Thursday, December 20, 2012

New Hire and New Programming at Stockyard, Clark-Fulton & Brooklyn Centre Community Development Office

Stockyard, Clark-Fulton & Brooklyn Centre Community Development Offices (SCFBC) recently announced the introduction of the new Community Network Weaving Program.

The Network Weaving Program focuses on connecting and inspiring community members by:
  1. connecting neighbors to neighbors in new ways that supports shared learning and building new relationships; 
  2. connecting local institutions and organizations to each and to our residents to build a neighborhood network where we support each other, share ideas and create what is possible in our neighborhood; and,
  3. connecting our diverse population to create more culturally appropriate methods of engaging with each other.
Through the very generous support of the Cleveland Foundation, SCFBC is able to support a new full time position and new programming throughout our service area. Juliana Cole has been hired as a full time Community Network Weaver. Juliana has been with SCFBC since August, 2011 working as a Community Organizing Intern. In her education, Ms. Cole studied community and social development and has focused her interest on methods of organizing within the scope of community development organizations. Over the past year, Juliana has been working closely with the Community Organizing department at SCFBC to develop a new program that explores our community's assets, skills and new ways of being together.

"The beginning of the Cleveland Foundation's mission statement is "to enhance the lives of all residents of Greater Cleveland...," and this project has great potential to help residents enhance their own lives and the lives of others in the SCFBC neighborhoods. We were impressed with the community planning process that led to the development of the project and believe that aspects of this project may become a model for other neighborhoods in our community." Paul Putman, Program Officer, The Cleveland Foundation.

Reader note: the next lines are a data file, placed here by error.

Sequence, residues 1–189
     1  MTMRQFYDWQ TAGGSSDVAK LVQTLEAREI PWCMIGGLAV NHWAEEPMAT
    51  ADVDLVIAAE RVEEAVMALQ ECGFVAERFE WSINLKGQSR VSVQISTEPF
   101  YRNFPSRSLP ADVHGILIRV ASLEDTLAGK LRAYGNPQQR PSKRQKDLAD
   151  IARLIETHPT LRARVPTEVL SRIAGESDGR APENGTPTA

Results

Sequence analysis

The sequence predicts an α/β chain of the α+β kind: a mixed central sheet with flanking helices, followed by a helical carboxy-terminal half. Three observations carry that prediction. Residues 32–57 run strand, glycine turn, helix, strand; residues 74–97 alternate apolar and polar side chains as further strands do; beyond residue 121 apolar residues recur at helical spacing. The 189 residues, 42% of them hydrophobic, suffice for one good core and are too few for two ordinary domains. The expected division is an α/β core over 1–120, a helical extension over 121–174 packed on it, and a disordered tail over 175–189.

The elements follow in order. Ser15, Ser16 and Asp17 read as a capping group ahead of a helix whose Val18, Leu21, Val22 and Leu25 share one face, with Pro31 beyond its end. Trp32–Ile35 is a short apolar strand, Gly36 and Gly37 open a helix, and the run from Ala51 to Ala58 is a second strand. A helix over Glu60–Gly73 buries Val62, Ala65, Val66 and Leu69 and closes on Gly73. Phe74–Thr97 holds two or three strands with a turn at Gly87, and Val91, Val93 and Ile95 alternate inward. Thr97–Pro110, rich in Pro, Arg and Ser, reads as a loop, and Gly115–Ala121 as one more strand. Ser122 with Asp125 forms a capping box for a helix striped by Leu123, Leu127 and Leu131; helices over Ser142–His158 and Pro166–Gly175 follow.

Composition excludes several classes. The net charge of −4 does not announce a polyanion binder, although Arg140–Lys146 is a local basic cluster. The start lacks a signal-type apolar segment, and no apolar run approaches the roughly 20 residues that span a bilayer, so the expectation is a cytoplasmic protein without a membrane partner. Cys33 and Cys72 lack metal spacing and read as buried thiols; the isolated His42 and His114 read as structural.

The Community Network Weaving Program will bring lots of exciting new opportunities for engagement and involvement for everyone in our communities. Look forward to seeing new opportunities and ways of connecting with your neighborhood. Here are just a few ideas and projects that are already in the works:
  • Cleveland TimeBank, exchange your skills and services with your neighbors and take money out of the equation.  Join the Cleveland Time Bank on facebook and mark your calendar for the next Time Bank Potluck meeting being held on January 10th at Archwood UCC in Brooklyn Centre;
  • NeighborCircles, a new way of connecting with neighbors directly on your street to build new relationships and improve trust and safety where you live;
  • Workshop and Learning Series, teach and learn from your neighbors about something you are skilled in such as Pierogi-making, Couponing and more;
  • Near West Side Community Council, help us in providing a supportive community for our youth population;
  • Library Resource tables, monthly resource tables at our public libraries where we can all connect and learn about what is happening in our neighborhood; Network Nights, come and connect with others in the Network to share ideas, interests and start to create with what we already have.
Is there something you look forward to sharing with your community? What are you skilled at that you can teach others? Do you have stories about your community that can help celebrate our neighborhood? SCFBC's door, phone lines and e-mail are open and they are calling on you to share your ideas. Click HERE to check out their Google Calendar which has up to date information about upcoming events, happenings and meetings in our neighborhood. Also check out their Facebook page HERE and find community updates, events and more.

Please contact our Community Network Weaver, Juliana Cole, at (216) 961-9073, ext. 229 or to learn more about the program and to share your thoughts, ideas and vision for the future. Together we can accomplish so much more!

More Information about SCFBC

SCFBC = Stockyard, Clark-Fulton & Brooklyn Centre Community Development Office

SCFBC Bi-Weeklyn E-newsletter -- Stay in touch with the staff at SCFBC and keep informed of neighborhood activities and opportunities for engagement by receiving their bi-weekly e-newsletter. Sign-up for the newsletter HERE.

SCFBC Staff Listing and contact information:
3167 Fulton Road, #303
Cleveland, Ohio 44109

SCFBC 2012 Annual Report
2012 Annual Report - Stockyard, Clark-Fulton & Brooklyn Centre Community Development Office

Monday, December 17, 2012

CMSD issues Four-Year Strategic Plan, seeks community input on implementing Cleveland Plan

NOTICE - Community Meetings, to discuss The Cleveland Plan: Four-Year Implementation Strategy, 6:00 - 8:00 pm at  John Adams Campus on Wednesday (12.19) and Lincoln-West on Thursday (12.20).  See the flyer below: